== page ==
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  • Writer's pictureMary Bergida DeLuca

Presence and Entering Your Writing Rhythm

Updated: Nov 24, 2020

The final months of the year offered me a secret. A new approach to writing. Over the previous 7 months I had finally reached some sort of a regular writing routine, though it often still felt a bit perilous, more like a compulsory visit to the dentist than a chat with a good friend.

It was early November and I was desperately trying to finish Part I of the historical piece I’ve been pouring myself into for nearly two years. I tried kinetic approaches of printing the draft and then moving around scenes according to mood. It all sounds very fun and crafty, but afterward I felt depressed and no closer to completion. Little did I know that “tinkering” and strategizing at this phase was actually blocking out my creative flow.

Intuitive Writing

Then I started listening to interviews with writers who see their creative practice more like meditation. A place to enter and receive. Listening to one of my great writing inspirations and a personal mentor, Lauren Sapala, talk about intuitive writing made me feel like I could finally name a rhythm. A rhythm I’d been hearing in the back of my creative life since childhood. (I cannot recommend highly enough Lauren’s online Intuitive Writing Course.)

Something shifted. I changed the way I entered into my practice.

I used to rush, internally a hot mess, to writing. But now that has changed.

Begin with Presence

Rather than scrambling off to my workplace, setting up shop, gritting my way into writing, I now allow my mornings to be peaceful. I wake, make tea, often staying in bed while I meditate.

Then, I listen to music and stretch out my body in whatever way it feels. (Okay, I dance. And it looks goofy. Really goofy. But no one is watching, so it’s fine.)

And then I sit on the couch, open my laptop, and I say: “I’m here.”

For me, I am able to dedicate multiple mornings a week to writing. For you, your writing might be after work, or stolen hours on the weekend, or after the kids are finally asleep. But no matter what, the key element seems to be Presence. Arriving fully.

Now, just because I’m present and peaceful doesn’t mean all I write is love and joy. Actually, this state of presence means I can often more deeply access loss and fear and grief, allowing them to wash on the page in a first wave of anguish.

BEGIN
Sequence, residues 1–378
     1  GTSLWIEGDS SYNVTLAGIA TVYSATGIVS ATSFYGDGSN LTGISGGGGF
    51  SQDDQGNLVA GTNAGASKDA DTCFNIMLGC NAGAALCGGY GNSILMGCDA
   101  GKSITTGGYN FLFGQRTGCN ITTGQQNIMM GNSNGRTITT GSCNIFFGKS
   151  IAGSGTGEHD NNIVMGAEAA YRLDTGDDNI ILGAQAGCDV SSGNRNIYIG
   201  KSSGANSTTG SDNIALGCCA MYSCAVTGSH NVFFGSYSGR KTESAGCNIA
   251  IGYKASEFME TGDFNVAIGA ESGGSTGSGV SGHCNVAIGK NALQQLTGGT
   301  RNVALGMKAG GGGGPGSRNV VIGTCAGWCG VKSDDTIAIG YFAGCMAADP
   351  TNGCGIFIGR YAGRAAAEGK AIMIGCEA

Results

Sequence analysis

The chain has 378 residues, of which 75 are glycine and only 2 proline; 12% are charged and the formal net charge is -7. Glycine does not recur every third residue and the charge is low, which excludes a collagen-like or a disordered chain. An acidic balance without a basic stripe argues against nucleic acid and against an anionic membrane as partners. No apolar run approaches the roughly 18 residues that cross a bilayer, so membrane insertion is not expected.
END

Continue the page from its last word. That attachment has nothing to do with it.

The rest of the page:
And no matter what the words, I simply stay as long as they come.

Because you see, I’ve already spent the morning stilling and listening in meditation. Then listening to sounds and beats and responding to them with my body. I’m in the perfect place to hear a story. It sounds kind-of hokey, but it’s been working.


I’ve let go of control, of outcomes, of word count. I had even let go of finishing my first draft and told myself it wouldn’t happen in 2019, but it was okay. Maybe the story was not ready.

Then one day as I sat down to write, I realized the draft was finished. It felt complete. I had opened my hands. Instead of pushing, I had invited the words to come. And they did. Instead of working against my rhythms, I was working with them.

Writing as an Act of Trust and Authenticity

In addition to working with my rhythms, I am also learning to trust that the words I need to transcribe will arrive each day that I write. I am grasping that my writing is preparing me for the ways I need to grow in trust throughout my entire life.

As a yoga teacher told me recently, what we do in our practice, should prepare us, give us the disposition, for the rest of our lives.

  • What greater dispositions might you begin to lean into with your own writing practice? Perhaps: Hope, Gentleness, Joy, even Honesty or Grief?

  • As you journey deeper into this week, month, year, what small step can you take so that arriving at the page is just another way of becoming your most complete, fully alive, and fully present self?

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